1487, Sch., Augsburg; 1507 Otmar, Augsburg.
--1000 Tongues   [Info only: 1466 Mark 1:2 appears incorrect.]

"1522 New Testament
1523-1524 Genesis-Song of Solomon Lotther, Wittenberg
1532 Prophets Lufft, Wittenberg
The translation prepared by Martin Luther.   So immediate was its
success (85 reprintings of the N.T. appeared before the O.T. was com-
pleted in 1532), and so durable its style, that it remains the standard
Protestant German Bible to this day.   The first complete edition of the
Luther Bible was published in 1534 (Lufft, Wittenberg); revisions by
Luther himself were published in 1541 (known as ‘Melanchthon's
Bible’), 1545 (the ‘Standard Luther text’), and 1567, the first text with
verse divisions.   Several revisions appeared later.
--1000 Tongues   [Info only: 1522 Mark 1:2 correct.
1522 September Luther NT,
1530 Luther NT,]

"1527-1529 Bible Froschauer, Zürich
The ‘Zürich Bible’, adapted slightly to reflect Swiss German usage.
(Such adaptation was common practice in the 16th century.)   Thus most
editions of Luther's Bible published in southern Germany or Switzer-
land, i.e., Augsburg, Basel, and Nürnberg, included either explanatory
notes or different readings to accomodate the German dialects of these
areas.   (See also Low German.)   Growing impatient because of the
delay in publication of Luther's version of the Prophets (1532), a com-
mittee of Zürich ministers themselves translated Isaiah-Malachi, and
published their version with the Luther text of the rest of the Bible.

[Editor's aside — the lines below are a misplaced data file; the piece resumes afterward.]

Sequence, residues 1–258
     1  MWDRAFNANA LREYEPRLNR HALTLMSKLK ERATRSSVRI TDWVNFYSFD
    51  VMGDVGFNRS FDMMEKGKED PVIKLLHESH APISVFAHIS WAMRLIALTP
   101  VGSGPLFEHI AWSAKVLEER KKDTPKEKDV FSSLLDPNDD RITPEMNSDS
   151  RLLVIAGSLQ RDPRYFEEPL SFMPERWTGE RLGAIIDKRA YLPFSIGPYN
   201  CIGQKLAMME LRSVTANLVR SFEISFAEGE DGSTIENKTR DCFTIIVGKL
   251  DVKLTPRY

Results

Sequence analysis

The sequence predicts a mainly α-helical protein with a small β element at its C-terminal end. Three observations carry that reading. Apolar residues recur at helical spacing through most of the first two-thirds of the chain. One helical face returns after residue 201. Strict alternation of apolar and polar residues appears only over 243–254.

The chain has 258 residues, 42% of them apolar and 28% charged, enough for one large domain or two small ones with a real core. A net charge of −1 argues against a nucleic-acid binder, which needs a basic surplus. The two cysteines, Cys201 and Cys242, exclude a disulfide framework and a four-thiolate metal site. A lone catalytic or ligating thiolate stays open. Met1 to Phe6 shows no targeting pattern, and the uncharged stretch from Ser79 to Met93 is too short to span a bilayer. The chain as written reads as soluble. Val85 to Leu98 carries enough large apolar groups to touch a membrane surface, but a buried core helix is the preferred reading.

Other such ‘Combined Bibles’ also appeared.   ....
--1000 Tongues   [Info only]

"1529 Bible Schoeffer, Worms
The Zürich Bible with slight revisions.   Known as the ‘Baptist Bible’,
it was the first published Protestant Bible to include the name Bible
(Biblia) as a general title.   A century later another significant revision by
J. Breitinger appeared in Zürich.
--1000 Tongues   [Info only]

"1531 Bible Froschauer, Zürich
A new edition of the Zürich Bible, with a new rendering of Job-Song of
Solomon.   The preface is thought to be written by Hul. Zwi.,
the famous Swiss
--1000 Tongues   [Info only: ?]

"1780-1783 Pentateuch (Hebrew character)
D. F. Starcke, Berlin
Translated by Moses Mendelssohn for German Jews.   Although
vigorously opposed at first, it became a standard text and was often
republished.   Also printed in Gothic character.
--1000 Tongues   [Info only: ?]

"1826-1836 Old Testament (Hebrew character)   Karlsruhe
Translated by Asher ben Joseph for German Jews."
--1000 Tongues   [Info only: ?]

"1870 New Testament   1892 Bible   Halle
A revision of Luther's text by a commission of scholars appointed by
the Eisenach German Evangelical Conference in 1863.   Tentative
editions had appeared in 1867 and 1883.   The most important revisions
of Luther's text which appeared in the 19th century, it is known as ‘the
Halle issue of the definitive edition of the revised Luther Bible’.   Other
revisions by J. F. von Meyer (1819), and Rudolf Stier (1856) were
published by BFBS.
--1000 Tongues   [Info only]

"1903 New Testament   1905 Bible   Bonn
Translated by F. Schlachter, a Swiss scholar of Biel.   It is known as the
‘Miniature Bible’.   Certain O.T. portions in Schlachter's translation
appeared before publication of the complete Bible.
--1000 Tongues   [Info only]

"1931 New Testament Stuttgart
Translated by Adolf Schlatter."
--1000 Tongues   [Info only]

"Since the mid-16th century there have been numerous publications of
German Scriptures, transliterated into Hebrew character, for the use of
German Jews.   They include the following transliterations from
Luther's text:

1540, Cracow, New Testament (incomplete), by Johann Harzuge,
a Jewish convert to Christianity.
1820, London, New Testament, by Judah D’Allemand, for the